The UK government is preparing to auction licences for the next generation of mobile internet connections, christened 4G, next year, the Business newspaper reported, citing a source at UK regulator Ofcom. To the dismay of the operators who paid a cumulative GBP22.5 billion (USD42.75 billion) for their 3G licences six years ago, an Ofcom spokesman was quoted by the newspaper as claiming that ‘auctions are the best way of bringing spectrum to market’. It is claimed that 4G technology is capable of transmission speeds up to 60-times faster than current W-CDMA networks.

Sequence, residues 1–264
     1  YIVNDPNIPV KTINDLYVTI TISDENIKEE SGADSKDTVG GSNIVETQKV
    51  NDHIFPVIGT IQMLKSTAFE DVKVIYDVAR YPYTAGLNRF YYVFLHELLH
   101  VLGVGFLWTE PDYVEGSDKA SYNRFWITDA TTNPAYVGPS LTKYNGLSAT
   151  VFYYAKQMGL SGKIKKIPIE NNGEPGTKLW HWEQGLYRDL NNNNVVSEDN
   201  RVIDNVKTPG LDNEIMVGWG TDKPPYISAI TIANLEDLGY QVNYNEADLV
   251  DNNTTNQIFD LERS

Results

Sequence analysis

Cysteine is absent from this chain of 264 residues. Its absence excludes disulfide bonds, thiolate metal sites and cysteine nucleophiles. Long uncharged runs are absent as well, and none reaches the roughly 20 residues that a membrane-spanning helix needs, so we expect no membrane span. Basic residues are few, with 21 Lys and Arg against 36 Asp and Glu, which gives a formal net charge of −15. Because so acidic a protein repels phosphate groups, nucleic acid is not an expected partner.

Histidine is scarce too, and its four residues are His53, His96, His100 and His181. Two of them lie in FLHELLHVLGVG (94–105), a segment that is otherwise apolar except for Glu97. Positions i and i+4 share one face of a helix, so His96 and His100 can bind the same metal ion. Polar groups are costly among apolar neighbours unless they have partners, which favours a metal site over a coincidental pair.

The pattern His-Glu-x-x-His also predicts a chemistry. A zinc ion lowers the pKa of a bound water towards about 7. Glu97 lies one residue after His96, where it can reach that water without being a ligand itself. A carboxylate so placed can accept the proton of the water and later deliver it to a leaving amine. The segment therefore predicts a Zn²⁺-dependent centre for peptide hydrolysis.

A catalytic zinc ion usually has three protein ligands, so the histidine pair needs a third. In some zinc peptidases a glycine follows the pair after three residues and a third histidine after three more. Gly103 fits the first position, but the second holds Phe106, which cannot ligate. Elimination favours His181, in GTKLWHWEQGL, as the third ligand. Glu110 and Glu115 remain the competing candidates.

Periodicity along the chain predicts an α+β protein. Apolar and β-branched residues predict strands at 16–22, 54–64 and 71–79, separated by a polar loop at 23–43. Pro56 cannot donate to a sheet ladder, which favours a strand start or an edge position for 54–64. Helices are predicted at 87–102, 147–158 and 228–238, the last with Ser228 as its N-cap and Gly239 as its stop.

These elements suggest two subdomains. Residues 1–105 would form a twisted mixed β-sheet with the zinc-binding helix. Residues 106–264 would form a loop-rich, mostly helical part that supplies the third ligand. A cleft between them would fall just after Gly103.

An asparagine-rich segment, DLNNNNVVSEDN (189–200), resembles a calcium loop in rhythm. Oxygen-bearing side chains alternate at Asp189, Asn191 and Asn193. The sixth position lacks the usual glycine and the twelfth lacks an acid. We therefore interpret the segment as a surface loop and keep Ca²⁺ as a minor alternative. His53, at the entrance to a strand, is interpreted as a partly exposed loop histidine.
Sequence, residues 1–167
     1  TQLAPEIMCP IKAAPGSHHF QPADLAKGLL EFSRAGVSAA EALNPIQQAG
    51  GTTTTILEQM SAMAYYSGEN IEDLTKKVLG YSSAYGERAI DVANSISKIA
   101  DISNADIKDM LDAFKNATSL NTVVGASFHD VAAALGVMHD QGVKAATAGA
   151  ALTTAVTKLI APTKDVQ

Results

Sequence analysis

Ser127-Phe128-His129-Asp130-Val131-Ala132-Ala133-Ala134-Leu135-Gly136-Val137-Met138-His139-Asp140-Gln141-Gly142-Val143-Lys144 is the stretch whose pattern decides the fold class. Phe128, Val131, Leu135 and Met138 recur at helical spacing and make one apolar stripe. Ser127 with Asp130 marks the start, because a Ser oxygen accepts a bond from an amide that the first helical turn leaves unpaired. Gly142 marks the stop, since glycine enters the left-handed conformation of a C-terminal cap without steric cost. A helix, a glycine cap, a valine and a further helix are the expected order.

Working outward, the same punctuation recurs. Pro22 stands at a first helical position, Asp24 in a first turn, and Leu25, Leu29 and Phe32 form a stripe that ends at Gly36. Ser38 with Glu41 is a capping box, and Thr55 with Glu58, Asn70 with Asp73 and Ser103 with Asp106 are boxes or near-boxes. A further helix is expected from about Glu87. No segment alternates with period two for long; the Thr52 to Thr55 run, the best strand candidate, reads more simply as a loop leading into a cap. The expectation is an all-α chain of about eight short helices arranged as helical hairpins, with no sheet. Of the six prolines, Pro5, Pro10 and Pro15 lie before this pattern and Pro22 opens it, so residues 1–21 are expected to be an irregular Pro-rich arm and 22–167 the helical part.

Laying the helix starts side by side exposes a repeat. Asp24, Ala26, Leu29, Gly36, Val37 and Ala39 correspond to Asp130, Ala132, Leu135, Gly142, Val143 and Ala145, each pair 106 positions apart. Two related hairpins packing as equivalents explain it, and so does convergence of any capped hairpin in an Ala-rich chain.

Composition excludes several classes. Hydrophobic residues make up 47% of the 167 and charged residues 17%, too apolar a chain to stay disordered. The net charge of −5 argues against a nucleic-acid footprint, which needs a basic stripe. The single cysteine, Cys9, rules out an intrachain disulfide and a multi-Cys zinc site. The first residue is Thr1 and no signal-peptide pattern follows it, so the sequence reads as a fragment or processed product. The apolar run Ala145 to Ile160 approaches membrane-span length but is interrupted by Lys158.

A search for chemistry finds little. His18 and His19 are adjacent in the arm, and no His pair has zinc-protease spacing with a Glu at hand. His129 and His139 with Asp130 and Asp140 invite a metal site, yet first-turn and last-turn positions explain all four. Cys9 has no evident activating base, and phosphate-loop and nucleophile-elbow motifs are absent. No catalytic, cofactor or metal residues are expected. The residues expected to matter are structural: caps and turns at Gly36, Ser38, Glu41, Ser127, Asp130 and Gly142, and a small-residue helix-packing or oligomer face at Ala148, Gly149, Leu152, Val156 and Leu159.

According to TeleGeography’s GlobalComms database, in April 2000 former regulator Oftel awarded five 20-year 3G licences consisting of three allocations of 2×10MHz paired spectrum plus 5MHz unpaired spectrum, one of 2×15MHz paired spectrum and one of 2×15MHz paired spectrum plus 5MHz unpaired spectrum. The last was reserved for a new entrant and was awarded to Hutchison 3G UK (H3G), a subsidiary of Hong Kong’s Hutchison Whampoa, whilst the four incumbent operators – Deutsche Telekom subsidiary T-Mobile (previously One 2 One), Telefónica subsidiary O2 (formerly BT Cellnet), Vodafone and France Télécom-owned Orange – took the other concessions. All five licensees have launched commercial 3G services and H3G leads the market in terms of subscribers, with around 3.6 million W-CDMA handset users at the end of March 2006. There were an estimated 5.4 million 3G subscribers in the UK at that date.